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People need money to live, and enough to buy the basic goods one needs to survive, but everybody wants more money. More money means an easier life. The more money one has, the more money one wants, as is shown in the story, "The Rocking Horse Winner" by D. H. Lawrence.
At the beginning of this story the family did not have enough money to support their opulent lifestyle. Mr. Lawrence illustrates their situation like this: "Although they lived in style they felt always an anxiety in the house. There was never enough money." (p. 159) The family scrambles to pay the bills at the end of the month. An unspoken phrase "Whispered" throughout the house, "There must be more money! There must be more money!" (p.160) the whispering said. Even though the family had money, they wanted, they needed, more.
Paul, the child, knew that his family wanted money, and he knew that he was lucky, betting on the horses. Paul became partners with the gardener. He picked the horse, and the gardener placed the bet. Paul had started out with five shillings but his winnings kept adding up. When he had made 10,000 pounds he decided to give his mother 1000 pounds a year for five years. He wanted his winnings to be a secret so a lawyer handled the money. Paul saw the envelope from the lawyer and asked his mother if she had received anything good in the mail. She said "Quite moderately nice" (p. 168) in a cold voice. She liked getting the money, but she wasn't happy. She wanted more.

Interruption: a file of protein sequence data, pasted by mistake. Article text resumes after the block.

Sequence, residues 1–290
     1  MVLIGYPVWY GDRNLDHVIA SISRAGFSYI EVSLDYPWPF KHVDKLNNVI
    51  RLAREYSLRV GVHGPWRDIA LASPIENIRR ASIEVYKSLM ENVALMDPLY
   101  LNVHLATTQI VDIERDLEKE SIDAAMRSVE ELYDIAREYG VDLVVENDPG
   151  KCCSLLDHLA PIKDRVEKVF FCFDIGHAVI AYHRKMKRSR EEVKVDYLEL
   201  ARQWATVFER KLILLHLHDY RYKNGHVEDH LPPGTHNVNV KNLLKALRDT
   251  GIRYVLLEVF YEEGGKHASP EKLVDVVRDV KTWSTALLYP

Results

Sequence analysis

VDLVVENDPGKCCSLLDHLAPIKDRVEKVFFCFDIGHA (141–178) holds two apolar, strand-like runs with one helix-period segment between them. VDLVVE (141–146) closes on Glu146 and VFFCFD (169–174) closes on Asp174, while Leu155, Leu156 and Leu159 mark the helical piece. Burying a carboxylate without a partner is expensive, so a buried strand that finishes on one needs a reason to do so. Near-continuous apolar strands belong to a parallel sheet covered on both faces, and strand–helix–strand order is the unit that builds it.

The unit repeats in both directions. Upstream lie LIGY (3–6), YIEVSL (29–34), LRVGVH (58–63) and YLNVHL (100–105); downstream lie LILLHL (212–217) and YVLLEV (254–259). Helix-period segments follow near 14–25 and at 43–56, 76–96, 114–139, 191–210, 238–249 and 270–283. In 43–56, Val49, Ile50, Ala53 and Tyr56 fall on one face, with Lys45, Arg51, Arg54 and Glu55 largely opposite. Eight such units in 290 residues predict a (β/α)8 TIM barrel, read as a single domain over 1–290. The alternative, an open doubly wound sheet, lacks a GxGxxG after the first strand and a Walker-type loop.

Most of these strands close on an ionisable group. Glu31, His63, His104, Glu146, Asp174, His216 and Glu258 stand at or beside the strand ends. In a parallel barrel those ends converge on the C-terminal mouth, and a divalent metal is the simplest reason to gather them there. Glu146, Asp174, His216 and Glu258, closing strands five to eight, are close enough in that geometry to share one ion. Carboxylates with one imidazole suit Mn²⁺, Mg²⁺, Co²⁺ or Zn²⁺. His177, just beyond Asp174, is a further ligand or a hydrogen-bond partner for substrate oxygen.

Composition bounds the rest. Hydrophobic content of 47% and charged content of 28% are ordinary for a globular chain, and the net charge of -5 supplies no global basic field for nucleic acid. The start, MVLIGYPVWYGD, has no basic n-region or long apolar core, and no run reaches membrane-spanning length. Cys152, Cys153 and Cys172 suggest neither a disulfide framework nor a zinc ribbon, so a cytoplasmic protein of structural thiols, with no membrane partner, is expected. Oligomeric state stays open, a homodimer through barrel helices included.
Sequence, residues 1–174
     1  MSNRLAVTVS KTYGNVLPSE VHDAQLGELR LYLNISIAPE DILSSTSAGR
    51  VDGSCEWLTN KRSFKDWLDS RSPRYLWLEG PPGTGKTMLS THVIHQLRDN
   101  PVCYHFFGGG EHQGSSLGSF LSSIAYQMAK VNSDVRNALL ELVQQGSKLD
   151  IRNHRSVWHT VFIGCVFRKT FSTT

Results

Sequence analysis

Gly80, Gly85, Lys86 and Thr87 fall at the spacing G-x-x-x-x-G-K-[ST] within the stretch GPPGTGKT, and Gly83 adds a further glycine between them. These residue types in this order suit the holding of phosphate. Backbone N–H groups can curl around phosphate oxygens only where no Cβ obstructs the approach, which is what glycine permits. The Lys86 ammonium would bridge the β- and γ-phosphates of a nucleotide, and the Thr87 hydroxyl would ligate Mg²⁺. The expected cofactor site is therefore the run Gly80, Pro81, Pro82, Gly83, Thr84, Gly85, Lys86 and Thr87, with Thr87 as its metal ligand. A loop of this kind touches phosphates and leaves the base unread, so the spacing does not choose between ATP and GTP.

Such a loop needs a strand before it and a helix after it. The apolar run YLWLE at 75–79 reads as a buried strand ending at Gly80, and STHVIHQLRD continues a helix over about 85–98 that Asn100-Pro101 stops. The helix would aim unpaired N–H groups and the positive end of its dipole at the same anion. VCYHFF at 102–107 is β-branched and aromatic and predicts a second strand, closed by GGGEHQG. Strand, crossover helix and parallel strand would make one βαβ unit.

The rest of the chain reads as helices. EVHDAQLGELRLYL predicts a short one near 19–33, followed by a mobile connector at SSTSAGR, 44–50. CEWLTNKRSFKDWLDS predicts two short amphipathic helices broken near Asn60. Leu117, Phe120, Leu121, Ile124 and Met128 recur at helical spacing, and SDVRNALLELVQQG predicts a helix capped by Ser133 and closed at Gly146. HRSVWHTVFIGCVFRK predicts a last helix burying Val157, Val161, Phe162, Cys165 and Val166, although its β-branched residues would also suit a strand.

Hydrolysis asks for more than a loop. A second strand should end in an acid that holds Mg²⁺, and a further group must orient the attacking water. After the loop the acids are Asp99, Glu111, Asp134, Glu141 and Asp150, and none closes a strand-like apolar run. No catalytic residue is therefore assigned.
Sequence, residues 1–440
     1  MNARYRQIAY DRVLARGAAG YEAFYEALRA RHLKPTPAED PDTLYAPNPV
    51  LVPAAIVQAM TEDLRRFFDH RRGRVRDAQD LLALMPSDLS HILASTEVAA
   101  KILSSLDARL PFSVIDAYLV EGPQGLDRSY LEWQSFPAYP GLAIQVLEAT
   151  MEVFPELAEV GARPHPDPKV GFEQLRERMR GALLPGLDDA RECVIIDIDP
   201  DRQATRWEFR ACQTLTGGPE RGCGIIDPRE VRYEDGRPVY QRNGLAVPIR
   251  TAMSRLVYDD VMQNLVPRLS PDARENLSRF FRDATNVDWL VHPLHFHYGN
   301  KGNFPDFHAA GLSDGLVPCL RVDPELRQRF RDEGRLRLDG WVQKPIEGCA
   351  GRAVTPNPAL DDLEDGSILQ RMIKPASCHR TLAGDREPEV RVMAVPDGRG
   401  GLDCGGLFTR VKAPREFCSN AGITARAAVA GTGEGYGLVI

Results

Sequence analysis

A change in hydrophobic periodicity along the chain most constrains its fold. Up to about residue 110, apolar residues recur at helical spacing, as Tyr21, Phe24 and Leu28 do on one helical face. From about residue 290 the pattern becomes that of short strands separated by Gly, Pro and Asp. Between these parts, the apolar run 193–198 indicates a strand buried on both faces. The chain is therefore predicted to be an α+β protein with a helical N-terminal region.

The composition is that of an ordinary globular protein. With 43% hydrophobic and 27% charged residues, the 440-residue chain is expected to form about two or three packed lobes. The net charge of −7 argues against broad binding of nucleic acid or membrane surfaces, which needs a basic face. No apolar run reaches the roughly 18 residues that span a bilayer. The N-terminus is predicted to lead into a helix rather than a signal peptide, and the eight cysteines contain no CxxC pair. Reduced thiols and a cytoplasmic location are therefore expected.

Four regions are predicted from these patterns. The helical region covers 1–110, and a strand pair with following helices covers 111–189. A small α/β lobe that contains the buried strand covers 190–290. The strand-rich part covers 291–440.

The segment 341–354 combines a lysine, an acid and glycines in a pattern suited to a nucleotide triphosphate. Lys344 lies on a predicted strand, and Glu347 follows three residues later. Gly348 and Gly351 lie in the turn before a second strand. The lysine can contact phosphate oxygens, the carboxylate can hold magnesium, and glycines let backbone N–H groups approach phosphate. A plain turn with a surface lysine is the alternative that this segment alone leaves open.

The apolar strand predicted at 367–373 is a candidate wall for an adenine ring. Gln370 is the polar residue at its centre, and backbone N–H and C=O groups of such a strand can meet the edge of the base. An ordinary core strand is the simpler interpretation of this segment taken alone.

The same day, she had a meeting with the lawyer who was handling the money. Paul's mother demanded the full sum. She received the money and spent it all. The author informs the reader, "There were certain new furnishings, and Paul had a tutor... There were flowers in the winter, and a blossoming of the luxury that Paul's mother had been used to." (p. 169) The money ran out and the voices in the house screamed, "Oh-h-h, there must be more money.
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